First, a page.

The modern Olympics claimed they embraced amateurism as a way of embracing classical antiquity. The only catch? The ancient Greeks valued athletic vows of poverty about as much as modern Greece values federal tax collection. As Dr. Neil Faulkner, a British historian and author of A Visitor's Guide to the Ancient Olympics puts it:
[Ancient Olympic] champions invariably became very rich men. They may have left Olympia with only an olive crown, but they could expect ample reward for their efforts at home, and they could earn generous prizes thereafter by appearing at any of some hundreds of local sports festivals.
In reality, amateurism in both the Olympics and college sports comes from the same place: Victorian England. Specifically, snooty British elites who enjoyed rowing, winning, and keeping the unwashed, day-laboring masses at arm's length. "Amateurism really started when the people who were rowing boats on the Thames for a living started beating all the rich British aristocrats," Mallon said. "That wasn't right. So they started a concept of amateurism that didn't exist in ancient Greece, extending it more and more to the notion of being a gentleman, someone who didn't work for a living and only did sport as a hobby."
The English notion of amateurism was copied by Harvard, Yale, and other American schools, which also gave birth to college sports. According to Sports Illustrated, the system had less to do with high-minded ideas about education than about enforcing a social caste system:
both in America and in England a gentleman might hire an ex-prizefighter, a golf trainer or a tennis teacher to coach his son and might even brush up his own game in a round with the professional. But when it was over, the pro left by the service entrance and the gentleman went in to tea.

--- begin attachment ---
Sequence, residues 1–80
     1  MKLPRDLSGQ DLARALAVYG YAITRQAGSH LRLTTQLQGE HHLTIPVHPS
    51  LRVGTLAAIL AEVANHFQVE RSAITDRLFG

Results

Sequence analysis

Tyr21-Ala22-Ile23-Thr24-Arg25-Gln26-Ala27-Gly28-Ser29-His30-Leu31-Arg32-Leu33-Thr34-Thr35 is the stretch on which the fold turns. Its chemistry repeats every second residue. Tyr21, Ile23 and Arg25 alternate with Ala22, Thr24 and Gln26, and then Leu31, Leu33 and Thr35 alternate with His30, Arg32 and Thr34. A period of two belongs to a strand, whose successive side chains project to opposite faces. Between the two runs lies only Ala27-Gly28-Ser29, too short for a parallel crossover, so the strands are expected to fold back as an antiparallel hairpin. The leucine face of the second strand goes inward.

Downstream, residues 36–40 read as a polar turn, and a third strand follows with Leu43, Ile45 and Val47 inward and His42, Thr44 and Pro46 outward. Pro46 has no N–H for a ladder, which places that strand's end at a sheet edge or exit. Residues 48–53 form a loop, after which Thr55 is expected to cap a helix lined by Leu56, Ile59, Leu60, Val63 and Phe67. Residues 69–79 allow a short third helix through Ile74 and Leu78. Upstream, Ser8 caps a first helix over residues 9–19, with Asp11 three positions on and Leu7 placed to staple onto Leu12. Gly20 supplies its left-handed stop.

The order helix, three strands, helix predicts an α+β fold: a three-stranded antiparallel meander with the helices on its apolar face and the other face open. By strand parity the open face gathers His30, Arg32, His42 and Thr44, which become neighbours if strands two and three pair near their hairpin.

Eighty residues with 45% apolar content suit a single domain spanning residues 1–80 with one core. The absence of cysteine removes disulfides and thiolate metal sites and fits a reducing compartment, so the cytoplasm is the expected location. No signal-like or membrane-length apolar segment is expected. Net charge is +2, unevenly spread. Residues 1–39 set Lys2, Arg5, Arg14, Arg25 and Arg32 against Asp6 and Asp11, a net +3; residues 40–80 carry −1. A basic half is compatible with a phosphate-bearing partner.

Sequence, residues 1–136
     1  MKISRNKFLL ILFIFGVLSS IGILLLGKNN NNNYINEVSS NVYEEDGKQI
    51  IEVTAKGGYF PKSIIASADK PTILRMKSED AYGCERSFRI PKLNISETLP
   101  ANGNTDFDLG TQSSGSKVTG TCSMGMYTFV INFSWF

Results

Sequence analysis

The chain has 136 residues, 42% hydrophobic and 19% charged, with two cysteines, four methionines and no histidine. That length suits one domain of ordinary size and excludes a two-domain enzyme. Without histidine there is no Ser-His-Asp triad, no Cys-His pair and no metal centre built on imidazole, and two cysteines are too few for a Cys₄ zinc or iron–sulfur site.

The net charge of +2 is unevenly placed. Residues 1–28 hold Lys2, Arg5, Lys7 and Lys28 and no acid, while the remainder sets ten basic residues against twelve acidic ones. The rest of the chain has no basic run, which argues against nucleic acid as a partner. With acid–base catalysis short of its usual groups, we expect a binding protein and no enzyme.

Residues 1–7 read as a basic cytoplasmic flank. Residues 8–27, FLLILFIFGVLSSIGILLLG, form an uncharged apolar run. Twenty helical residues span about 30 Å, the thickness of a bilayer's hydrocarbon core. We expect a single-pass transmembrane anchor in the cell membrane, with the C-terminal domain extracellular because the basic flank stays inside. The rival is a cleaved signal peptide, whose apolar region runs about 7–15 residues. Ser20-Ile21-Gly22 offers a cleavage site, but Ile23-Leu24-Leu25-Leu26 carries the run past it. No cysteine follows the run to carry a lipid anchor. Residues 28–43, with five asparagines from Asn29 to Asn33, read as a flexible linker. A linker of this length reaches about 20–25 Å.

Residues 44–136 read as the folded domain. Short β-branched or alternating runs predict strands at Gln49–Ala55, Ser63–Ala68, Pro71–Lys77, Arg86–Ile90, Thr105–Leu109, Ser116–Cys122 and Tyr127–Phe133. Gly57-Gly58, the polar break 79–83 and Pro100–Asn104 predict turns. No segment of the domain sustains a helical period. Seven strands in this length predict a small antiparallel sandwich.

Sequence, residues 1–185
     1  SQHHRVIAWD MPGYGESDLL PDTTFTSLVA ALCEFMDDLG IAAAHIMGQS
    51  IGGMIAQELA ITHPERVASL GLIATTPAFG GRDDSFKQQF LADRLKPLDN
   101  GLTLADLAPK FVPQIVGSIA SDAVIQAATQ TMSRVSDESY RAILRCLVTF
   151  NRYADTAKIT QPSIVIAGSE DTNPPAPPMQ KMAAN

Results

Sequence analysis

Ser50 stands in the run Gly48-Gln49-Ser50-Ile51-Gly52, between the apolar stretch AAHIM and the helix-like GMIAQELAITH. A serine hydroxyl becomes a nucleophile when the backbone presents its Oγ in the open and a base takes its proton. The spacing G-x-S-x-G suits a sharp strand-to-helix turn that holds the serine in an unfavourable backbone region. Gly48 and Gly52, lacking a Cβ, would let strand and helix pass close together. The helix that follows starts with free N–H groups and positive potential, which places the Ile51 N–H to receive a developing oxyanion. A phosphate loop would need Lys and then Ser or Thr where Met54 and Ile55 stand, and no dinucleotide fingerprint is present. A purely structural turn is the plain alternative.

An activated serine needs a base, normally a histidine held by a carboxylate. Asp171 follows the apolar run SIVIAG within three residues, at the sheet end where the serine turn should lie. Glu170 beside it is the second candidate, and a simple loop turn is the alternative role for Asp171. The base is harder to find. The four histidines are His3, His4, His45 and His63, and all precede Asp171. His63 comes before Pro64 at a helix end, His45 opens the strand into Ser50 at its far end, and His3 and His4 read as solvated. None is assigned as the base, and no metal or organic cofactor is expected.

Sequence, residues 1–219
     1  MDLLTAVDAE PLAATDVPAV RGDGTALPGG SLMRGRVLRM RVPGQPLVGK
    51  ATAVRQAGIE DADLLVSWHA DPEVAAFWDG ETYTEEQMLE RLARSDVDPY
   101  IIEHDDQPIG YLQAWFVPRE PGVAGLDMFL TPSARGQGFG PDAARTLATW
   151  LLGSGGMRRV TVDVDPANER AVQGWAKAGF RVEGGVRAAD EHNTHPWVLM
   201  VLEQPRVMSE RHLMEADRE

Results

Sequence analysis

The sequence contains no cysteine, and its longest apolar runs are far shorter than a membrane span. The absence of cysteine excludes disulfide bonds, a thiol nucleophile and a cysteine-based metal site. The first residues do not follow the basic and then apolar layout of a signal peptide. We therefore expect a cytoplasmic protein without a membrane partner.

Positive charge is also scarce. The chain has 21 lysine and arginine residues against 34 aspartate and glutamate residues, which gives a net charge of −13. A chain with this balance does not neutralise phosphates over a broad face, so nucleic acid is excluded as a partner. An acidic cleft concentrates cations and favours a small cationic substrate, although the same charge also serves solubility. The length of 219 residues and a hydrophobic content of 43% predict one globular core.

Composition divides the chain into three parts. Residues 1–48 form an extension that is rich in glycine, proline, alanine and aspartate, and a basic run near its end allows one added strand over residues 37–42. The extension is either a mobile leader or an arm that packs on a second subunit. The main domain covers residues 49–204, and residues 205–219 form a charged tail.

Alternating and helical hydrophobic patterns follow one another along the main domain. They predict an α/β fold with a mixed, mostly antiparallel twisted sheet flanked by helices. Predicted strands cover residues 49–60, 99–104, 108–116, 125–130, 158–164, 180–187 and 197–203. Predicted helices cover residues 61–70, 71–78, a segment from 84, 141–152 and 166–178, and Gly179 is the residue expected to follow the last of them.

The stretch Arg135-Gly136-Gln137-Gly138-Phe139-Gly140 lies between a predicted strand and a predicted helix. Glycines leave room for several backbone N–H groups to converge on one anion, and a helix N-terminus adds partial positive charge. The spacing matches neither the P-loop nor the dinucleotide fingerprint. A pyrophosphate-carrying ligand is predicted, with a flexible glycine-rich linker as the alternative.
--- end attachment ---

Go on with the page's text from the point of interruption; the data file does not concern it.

Prohibition doesn't work
The father of former Auburn University quarterback Cam Newton allegedly solicits $180,000 from a second school in exchange for his son's Heisman Trophy-winning services. Five other former Auburn players claim that they were given sexual favors and cash while being recruited by and playing for the school, including post-game "money handshakes" from friends of the program. Are these things wrong? Somehow different than the signing and performance bonuses handed out in, say, investment banking? Or are they simply against NCAA rules? By holding onto amateurism and pretending a vibrant, competitive market for collegiate athletic talent doesn't exist, the NCAA has simply pushed the campus sports economy underground; as was the case with Prohibition, the result is a crime and corruption problem that otherwise wouldn't exist.
"When you label everything a violation, everything is going to be a violation," said Ramogi Huma, a former UCLA football player and founder of the National College Players Association, a campus athlete advocacy group. "It's going to taint the sport, demonize players that have simply broken oppressive rules that works against their best interests."
Way back when, the amateur Olympics faced a similar set of issues: a nonsensical system; inconsistent enforcement; a losing game of free market whack-a-mole with athletes on the (utterly reasonable) take; growing public distrust and disgust. Jim Thorpe was stripped of his gold medals in the 1912 Olympics pentathlon and decathlon—won while wearing a borrowed pair of shoes—because he previously had played minor league baseball for $2 a day. By the 1960s, however, Olympic athletes were officially allowed to receive "broken time" payments, compensation for the time they missed from work while competing in sports. According to Mallon, such payments were often wink-wink, while under-the-table payments to track and field stars were commonplace. "Certainly by the late 1950s, a lot of American athletes were finding ways around amateurism," he said. "And in the Eastern Bloc, the athletes were state-sponsored."
In the middle of the last century, French sportswriter and former L'Equipe editor Gaston Meyer summed up his objections to amateurism: "Do not forbid what you can't prevent." And to think: he wasn't even talking about college athletes interacting with sports agents.
Salaries aren't mandatory